26 October 2010--Columba (521-597 AD) was one of the Twelve Apostles of Ireland, exceptional students of St Finian at Clonard
Abbey in Ireland's County Meath. In about 560, he made a copy of a psalter (a manuscript of the Book of Psalms) belonging to Finian, and
ownership of the copy came into dispute. You might think that monks (and future saints) would find a civilized way to resolve their
differences (Depart from evil, and do good; seek peace, and pursue it--Psalms 29:11), but in fact the argument escalated and
culminated in the bloody Battle of Cķl Dreimhne in 561. Needless to say, the authorities were appalled, and Columba was threatened with
excommunication. Instead, he agreed to go into exile as a missionary in Scotland, promising to convert at least as many souls as had
been lost in the battle. With twelve followers of his own, he founded the monastic community on Iona, bringing Christianity to both Picts
and colonizing Gaels, fostering literacy, and establishing himself as a respected diplomat and political force amongst the local tribes.
It seems fair to assume that he'd picked up a few tips on conflict resolution somewhere along the way.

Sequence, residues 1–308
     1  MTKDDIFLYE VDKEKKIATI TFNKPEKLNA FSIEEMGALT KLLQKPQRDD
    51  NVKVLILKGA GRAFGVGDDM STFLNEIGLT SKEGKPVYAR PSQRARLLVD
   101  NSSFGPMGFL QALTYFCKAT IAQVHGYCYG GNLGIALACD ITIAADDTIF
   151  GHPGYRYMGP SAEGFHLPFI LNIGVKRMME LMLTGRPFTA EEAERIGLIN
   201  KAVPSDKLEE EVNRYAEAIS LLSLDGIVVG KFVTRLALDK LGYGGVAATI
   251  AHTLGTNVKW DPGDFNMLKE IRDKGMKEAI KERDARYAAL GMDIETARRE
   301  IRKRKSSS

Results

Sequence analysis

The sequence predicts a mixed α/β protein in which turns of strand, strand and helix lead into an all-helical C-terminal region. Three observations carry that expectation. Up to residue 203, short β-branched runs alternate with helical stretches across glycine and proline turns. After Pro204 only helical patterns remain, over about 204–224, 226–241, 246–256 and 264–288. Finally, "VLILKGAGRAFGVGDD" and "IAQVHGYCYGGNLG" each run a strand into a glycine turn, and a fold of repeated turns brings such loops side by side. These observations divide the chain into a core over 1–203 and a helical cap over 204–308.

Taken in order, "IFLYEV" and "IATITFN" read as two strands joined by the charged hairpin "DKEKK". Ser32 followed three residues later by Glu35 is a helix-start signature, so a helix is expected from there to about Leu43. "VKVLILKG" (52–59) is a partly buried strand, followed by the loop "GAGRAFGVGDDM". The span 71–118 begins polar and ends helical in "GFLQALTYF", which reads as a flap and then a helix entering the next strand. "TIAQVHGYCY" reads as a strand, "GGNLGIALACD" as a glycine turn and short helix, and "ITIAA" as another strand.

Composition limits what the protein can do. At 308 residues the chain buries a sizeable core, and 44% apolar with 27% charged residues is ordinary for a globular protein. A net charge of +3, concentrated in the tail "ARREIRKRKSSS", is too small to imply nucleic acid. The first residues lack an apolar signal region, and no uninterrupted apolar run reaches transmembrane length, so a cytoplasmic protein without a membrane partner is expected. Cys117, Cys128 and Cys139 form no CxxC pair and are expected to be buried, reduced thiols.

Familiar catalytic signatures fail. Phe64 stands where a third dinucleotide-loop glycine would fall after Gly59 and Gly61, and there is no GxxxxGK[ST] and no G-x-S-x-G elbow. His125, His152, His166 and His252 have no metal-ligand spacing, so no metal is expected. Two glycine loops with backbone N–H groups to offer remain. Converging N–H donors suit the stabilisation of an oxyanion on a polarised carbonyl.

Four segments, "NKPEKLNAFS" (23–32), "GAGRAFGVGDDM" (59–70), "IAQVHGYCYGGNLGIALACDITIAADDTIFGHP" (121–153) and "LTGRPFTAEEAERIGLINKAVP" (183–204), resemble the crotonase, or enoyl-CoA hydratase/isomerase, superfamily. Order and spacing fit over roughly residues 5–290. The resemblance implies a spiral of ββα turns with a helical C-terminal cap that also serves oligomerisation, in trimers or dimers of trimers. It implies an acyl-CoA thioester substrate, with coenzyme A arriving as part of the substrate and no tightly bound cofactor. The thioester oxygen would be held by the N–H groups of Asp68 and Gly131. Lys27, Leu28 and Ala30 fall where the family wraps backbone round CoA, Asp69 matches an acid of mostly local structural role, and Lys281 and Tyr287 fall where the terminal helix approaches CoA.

Iona is a small island, three and a half miles long, a mile and half wide. I set out this dismal rainy morning to see as much of it as I can (pleased with myself that, after a dozen years of traipsing around soggy Scotland, I finally thought to bring along a decent pair of rain pants). I first head west, away from the village, toward Camus Cýl an-t-Saimh, the Bay at the Back of the Ocean. There's a golf course over on the west side, the fairways doubling as pasture land for the local cattle, with attendant hazards. The Royal Dornoch it isn't. I pick over the beach a while before turning south, intending to find Columba's Bay, the missionary's presumed landing point, at the southern tip of the island. Just past the reservoir, I lose the trail and turn back, deciding it isn't worth the slog over sodden ground. [Later I check a map and realize that I hadn't far to go...next time.]